Jim: And that is also because, you know, you may be waiting on a third party, like an insurance company or a lender to finance the job. So you’re waiting for other folks to release money. You may have you also may have put in money up front and now you’re waiting on someone else who may not care very much about whether you’re paid quickly or not. Okay. And the people that are the ones controlling payment, you’re waiting on them to process your writ to process your check. So that’s, that’s where really the risk comes in. You know, it’s not their money that they’re really worried about. It’s your money. And when you’re working with new customers and property owners all the time, you may not know how things are going to play out. So even on simple, simple construction projects where you’re working, you know, where they’re relatively, not a whole lot of parties involved, problems can still arise.
Jim: So I have another poll here. I’d like to know what your average age, what’s your average day to payment is. So most of y’all are waiting between 30 and 60 days for payment, some in the 60 to 90 day range and some of you have it, have it down Pat to when you’re getting paid with it in less than 30 days. And that, that’s really, really great. So it can be really, really difficult to get paid on construction. Like I said before, construction is one of those industries where you know, you’re providing the work upfront without necessarily getting paid for that upfront. And in 2018 over 46% of companies in the construction industry said they had to use a credit line to cover slow payments. That’s because companies in on average wait an average of 83 days for payment.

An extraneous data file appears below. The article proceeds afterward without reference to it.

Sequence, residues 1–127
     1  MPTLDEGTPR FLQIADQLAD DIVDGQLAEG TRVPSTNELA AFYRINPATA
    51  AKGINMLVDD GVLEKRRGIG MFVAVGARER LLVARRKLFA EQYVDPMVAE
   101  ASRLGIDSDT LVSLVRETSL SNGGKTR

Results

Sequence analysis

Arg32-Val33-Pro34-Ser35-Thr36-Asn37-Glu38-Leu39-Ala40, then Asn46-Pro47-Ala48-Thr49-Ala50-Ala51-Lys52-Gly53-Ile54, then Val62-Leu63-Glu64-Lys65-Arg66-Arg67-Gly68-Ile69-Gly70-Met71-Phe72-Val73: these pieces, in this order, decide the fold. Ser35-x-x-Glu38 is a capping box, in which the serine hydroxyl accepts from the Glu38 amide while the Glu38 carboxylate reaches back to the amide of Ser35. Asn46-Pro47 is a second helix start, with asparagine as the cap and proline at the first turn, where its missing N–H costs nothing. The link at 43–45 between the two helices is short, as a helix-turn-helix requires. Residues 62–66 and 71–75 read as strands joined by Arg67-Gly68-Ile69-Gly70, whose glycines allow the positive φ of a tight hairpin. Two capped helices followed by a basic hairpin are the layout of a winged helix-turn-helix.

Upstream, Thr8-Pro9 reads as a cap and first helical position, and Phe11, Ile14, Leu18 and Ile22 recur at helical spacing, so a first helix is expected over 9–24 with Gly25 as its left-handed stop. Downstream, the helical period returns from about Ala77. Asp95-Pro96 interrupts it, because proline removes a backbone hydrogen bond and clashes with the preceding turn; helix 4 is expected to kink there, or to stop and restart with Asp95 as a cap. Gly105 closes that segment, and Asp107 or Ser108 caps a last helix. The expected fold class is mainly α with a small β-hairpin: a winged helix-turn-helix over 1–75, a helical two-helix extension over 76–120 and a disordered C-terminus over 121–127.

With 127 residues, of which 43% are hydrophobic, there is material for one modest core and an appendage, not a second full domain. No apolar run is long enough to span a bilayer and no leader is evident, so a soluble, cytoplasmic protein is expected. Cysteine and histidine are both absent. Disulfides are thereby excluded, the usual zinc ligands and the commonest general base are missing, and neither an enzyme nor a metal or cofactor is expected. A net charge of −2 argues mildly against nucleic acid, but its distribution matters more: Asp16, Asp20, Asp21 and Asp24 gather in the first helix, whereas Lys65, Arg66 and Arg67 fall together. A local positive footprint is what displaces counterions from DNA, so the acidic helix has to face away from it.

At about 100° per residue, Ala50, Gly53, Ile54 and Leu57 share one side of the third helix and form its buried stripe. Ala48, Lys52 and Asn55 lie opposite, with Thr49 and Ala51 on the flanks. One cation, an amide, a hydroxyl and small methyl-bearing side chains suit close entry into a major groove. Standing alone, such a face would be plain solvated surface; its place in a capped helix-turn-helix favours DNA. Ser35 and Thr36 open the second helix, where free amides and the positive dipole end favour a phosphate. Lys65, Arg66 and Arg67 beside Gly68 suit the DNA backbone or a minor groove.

Jim: And that’s across the entire United States. So as, as you can see if 40, almost half of all companies are using a credit line, that that’s indicating that there’s some serious cash flow issues not just with individual companies but across the whole construction industry in general and using level-set and sending these required and even voluntary notices can really reduce that time greatly down from, you know, the average of 83 days to hopefully, you know, get to that 2% of respondents on today’s call where they’re getting paid within 30 days or less. So we really want to well at Levelset we have this method called the set method and it’s about being proactive and establishing open lines of communication at the, of a job so that way you don’t run into these unfavorable outcomes like having to take out a credit line or having to file a mechanics lien on a job. So payment can be held up for all sorts of reasons. The list goes on and on and on. These are just, these are just a few of them here. You know, everybody’s, everybody here has probably dealt with either slow pay because if a pay when paid cause or a dispute up the payment chain or maybe somebody had a dispute on, you know, workmanship from someone else that wasn’t involved with your company. There’s many, many reasons why they can be held up.